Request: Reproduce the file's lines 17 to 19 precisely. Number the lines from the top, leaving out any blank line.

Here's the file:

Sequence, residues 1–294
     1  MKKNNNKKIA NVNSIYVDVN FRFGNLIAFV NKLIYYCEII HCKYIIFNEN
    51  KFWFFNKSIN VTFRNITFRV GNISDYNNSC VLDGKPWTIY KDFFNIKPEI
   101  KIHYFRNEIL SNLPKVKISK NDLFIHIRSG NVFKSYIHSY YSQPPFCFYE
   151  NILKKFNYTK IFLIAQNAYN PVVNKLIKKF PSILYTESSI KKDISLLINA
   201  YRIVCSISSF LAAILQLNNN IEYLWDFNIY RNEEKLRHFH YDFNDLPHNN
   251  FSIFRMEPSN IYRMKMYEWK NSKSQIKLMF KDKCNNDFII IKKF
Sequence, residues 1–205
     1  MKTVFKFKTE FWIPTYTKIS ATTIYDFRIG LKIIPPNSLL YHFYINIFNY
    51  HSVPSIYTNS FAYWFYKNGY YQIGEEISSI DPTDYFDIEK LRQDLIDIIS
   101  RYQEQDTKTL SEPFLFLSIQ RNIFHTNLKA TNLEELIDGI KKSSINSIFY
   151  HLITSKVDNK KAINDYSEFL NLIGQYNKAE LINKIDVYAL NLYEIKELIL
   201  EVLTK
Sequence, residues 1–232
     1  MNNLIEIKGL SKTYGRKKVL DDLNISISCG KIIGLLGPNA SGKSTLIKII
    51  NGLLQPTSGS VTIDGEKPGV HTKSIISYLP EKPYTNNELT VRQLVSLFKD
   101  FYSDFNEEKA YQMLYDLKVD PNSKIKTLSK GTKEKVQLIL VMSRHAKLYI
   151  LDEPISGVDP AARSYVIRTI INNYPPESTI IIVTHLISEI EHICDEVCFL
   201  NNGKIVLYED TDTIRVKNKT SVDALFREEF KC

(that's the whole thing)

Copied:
   101  FYSDFNEEKA YQMLYDLKVD PNSKIKTLSK GTKEKVQLIL VMSRHAKLYI
   151  LDEPISGVDP AARSYVIRTI INNYPPESTI IIVTHLISEI EHICDEVCFL
   201  NNGKIVLYED TDTIRVKNKT SVDALFREEF KC